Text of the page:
He claims he’ll renegotiate the trade deals – but he needs Congress to authorize that and Canada and Mexico to agree to renegotiate. Even if that happens – how does that create jobs in the US? Jobs have not left for the unskilled because of trade deals – they left because of automation and globalization. Status quo again.

I could go on – but it just confounds me that people think Trump is going to undo the status quo – he has benefitted from the status quo. His policies maintain the status quo.

#38 Comment By big diffs On September 20, 2016 @ 1:21 pm

“What are the huge differences between Trump’s positions and those of movement conservatives? “

Little thing called “immigration”, for starters. It’s the foundation of his political brand.

At lesser intensity there’s global trade deals that destroy American jobs, making “allies” pay for their own defense instead of leeching off the American taxpayer. There’s also the hope – a faint if not entirely absurd hope – that he will actually start firing people in Washington and prosecuting elite criminality.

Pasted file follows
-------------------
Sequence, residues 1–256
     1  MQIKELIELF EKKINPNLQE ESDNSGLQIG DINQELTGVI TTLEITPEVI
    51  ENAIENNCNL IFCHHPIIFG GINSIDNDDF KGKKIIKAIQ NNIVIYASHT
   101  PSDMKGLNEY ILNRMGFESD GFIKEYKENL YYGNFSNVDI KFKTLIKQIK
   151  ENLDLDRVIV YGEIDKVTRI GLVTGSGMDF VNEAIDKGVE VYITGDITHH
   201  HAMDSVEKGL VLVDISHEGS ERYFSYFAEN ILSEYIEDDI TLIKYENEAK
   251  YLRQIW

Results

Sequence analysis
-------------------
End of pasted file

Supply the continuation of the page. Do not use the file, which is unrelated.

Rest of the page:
#39 Comment By Eric K. On September 20, 2016 @ 2:09 pm

I think William Burns makes a great point. There’s little difference between Trump’s positions (such that he has any stable positions) and those of “movement conservatism” at the high level. The main difference is that he’s got a lot more bluster and less inhibition when it comes to speaking his mind. Some people find that attractive, others don’t.

#40 Comment By JonF On September 20, 2016 @ 4:34 pm

Re: The rest of the American public is, for the moment, hanging desperately onto the Trump-Republican “party.”